A spokesperson for Saga said it was in talks with the architect about a number of faults in the £20m building.
The spokesperson said: “Saga confirms that the buildings have been occupied for some six months, although there are a number of outstanding defects to be rectified. As there are still six months of the defects liability period remaining, the consultants and contractors are currently working towards a satisfactory resolution of these matters.”
Michael Hopkins and Partners declined to comment, and Saga’s spokesperson refused to give details of the problems. However, a project source said there were problems with the headquarters’ cladding system, which was designed to allow the building to be ventilated naturally.
The source said the building’s passive ventilation system allowed too much air to blow in, causing draughts and disturbances from rattling window blinds hitting the glazing.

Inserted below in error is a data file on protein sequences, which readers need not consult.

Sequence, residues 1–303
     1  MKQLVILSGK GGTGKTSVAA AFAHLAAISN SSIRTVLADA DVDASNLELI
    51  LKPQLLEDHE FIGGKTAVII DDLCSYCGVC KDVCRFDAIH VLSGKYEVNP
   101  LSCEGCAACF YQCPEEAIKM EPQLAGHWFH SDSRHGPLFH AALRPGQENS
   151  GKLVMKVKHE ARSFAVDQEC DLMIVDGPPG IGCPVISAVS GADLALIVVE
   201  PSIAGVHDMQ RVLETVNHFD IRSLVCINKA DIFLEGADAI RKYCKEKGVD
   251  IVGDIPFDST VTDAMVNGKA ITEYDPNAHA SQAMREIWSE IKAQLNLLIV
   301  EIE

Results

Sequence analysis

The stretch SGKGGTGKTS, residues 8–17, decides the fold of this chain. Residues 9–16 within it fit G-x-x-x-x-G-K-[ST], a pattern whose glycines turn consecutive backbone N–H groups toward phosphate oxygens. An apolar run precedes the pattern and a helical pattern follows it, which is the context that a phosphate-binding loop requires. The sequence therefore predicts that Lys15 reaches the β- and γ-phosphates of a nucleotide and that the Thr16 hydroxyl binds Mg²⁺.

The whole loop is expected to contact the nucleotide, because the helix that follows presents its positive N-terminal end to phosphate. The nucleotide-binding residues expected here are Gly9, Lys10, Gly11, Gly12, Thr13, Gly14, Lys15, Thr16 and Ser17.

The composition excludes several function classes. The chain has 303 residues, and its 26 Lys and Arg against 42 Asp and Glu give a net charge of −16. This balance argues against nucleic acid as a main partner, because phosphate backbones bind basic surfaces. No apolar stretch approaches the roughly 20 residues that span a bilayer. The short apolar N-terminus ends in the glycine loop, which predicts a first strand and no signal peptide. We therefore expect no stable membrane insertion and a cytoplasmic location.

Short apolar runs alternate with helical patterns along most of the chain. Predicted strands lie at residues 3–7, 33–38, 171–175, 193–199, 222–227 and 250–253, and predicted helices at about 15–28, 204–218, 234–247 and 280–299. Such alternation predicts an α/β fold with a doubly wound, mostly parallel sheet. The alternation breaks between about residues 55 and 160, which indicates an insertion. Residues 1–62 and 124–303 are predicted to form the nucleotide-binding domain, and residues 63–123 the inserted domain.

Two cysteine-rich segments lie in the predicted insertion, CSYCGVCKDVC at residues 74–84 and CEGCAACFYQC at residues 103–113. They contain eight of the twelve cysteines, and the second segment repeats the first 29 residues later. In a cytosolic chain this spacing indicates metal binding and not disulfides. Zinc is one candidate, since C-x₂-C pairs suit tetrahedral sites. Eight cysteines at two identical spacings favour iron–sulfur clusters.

The source added: “The fact that the building is also facing the Channel doesn’t help matters, but the bottom line is the system Hopkins designed isn’t working.
“The building is in one of the windiest parts of Britain, but the architect knew that at the start. The design was simply too ambitious for the location.”
Complaints have also been made about the ventilation at the Hopkins-designed £76m Inland Revenue headquarters in Nottingham, built in 1995. Staff said the natural ventilation system did not cool the building properly.